For the second time this year, Portland has snoozed on advanced tickets to an unmissable performance. First, U.K. grindcore gods Bolt Thrower sold out the Star Theater. And then, this past Saturday, Goblin, the Italian prog-rock behemoth turned titans of '70s giallo movie soundtracks, packed the Hawthorne Theater to the gills, with nary a scalper to be found lurking on the streets outside the building. The line to get in the building took half the length of Secret Chiefs 3's opening set.

Secret Chiefs 3 haunted the stage clad in white robes. Led by former Mr Bungle guitarist Trey Spruance, the group touched on everything from metal to jazz to gamelan to surf-rock—the kitchen sink approach forged by Frank Zappa and perfected by John Zorn. Secret Chiefs do it very well, and the band is effortlessly tight. All in all, a great, progressive warm-up for a highly enthusiastic crowd.

After a brief change over—soundtracked by vintage King Crimson blasting through the house speakers—Goblin took the stage. This tour is its first time ever performing in the U.S. The band's experience and mastery was immediately apparent: Despite years of offstage drama, this version of the band, led by founding guitarist Massimo Morante and keyboardist Claudio Simonetti, was a joyous inferno on stage.

Following a brief bit of whirling from the band's dancer, Goblin whet the crowd's appetite with "Magic Thriller," from 2005's Back To the Goblin. Next up came a suite of songs from the Roller album before the band finally began to dig into its famous soundtrack work. Title tracks from Zombi, Suspiria, Tenebrae, Profondo Rosso came accompanied by projections from the films themselves. The final encore, "Zaratozom," a bit of horror-disco space-funk from the Dawn of the Dead soundtrack, received an ecstatic reaction from the crowd.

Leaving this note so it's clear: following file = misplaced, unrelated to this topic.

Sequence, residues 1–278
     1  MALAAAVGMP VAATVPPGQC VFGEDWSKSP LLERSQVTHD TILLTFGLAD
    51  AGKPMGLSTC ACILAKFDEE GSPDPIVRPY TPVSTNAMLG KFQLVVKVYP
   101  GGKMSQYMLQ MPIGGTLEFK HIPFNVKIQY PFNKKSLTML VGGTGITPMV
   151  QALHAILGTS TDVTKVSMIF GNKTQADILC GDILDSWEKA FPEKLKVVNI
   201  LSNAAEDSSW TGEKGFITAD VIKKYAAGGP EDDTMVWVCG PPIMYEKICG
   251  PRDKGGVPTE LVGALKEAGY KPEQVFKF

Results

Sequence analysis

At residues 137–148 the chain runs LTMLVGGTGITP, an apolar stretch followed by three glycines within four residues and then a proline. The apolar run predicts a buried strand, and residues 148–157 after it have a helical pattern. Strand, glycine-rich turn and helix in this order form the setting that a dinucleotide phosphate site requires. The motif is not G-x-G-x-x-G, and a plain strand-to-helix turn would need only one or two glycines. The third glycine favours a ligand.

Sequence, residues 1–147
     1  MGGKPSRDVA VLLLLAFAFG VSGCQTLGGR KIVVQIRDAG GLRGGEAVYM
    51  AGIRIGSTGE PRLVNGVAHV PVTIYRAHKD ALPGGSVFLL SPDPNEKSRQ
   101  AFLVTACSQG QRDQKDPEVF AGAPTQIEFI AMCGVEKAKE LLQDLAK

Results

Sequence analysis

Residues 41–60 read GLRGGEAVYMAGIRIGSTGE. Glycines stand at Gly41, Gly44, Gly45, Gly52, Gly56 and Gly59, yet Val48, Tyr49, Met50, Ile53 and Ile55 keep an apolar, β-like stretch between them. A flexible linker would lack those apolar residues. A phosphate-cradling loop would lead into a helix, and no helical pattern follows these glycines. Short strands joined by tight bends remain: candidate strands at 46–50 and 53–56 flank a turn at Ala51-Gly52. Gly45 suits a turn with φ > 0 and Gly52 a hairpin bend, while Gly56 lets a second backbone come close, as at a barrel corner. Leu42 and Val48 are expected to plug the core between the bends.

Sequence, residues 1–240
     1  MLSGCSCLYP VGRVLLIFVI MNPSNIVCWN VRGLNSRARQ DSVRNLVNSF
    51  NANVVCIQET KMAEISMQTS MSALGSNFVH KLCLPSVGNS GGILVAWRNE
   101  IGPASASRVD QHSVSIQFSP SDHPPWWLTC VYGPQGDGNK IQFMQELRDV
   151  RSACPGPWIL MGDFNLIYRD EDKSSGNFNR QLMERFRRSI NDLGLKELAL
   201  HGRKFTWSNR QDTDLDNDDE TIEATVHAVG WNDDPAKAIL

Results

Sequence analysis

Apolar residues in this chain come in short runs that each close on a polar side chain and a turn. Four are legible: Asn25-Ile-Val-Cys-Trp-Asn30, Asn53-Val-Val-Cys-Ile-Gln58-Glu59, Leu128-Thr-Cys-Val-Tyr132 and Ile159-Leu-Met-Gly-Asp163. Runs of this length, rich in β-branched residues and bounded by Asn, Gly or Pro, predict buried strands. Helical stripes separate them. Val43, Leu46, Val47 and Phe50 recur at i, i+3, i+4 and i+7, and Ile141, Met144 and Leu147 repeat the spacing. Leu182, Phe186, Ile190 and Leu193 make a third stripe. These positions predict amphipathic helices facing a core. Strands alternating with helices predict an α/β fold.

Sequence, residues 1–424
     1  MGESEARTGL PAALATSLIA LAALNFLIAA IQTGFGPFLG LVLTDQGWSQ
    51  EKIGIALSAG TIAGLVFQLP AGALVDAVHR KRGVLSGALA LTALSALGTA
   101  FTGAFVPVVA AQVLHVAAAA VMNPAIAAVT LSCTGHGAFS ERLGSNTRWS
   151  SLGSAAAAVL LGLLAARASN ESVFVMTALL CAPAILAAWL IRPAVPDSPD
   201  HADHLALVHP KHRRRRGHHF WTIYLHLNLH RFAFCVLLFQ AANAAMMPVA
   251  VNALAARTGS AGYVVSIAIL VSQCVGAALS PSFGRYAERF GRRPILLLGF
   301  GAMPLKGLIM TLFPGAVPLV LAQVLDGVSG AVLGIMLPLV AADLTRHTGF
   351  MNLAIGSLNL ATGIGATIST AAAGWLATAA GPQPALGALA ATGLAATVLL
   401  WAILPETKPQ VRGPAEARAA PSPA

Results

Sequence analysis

It's difficult to keep track of all the reunions these days, and even harder to predict which will be accomplished with grace and taste, but Goblin's set was perfect. Massimo's guitar sounded dirty, distorted and mean. Though both keyboard players used modern digital synths, the sounds they recreated were spot on. And the rhythm section, though younger than the rest of the band, were flawless and heavy. 

Goblin kicked ass and clearly loved every minute of it. After 40 years of avoiding the US, the wait was worth it for fans and, apparently, the band itself: The guys on stage continually played with one hand while take cellphone pictures of the crowd with the other. When Claudio donned his headphone mic and vocoder to sing "Tenebrae" in a robotic voice, his joy matched that of the audience. And every original member of the band took time after the show to sign autographs and take photos with fans.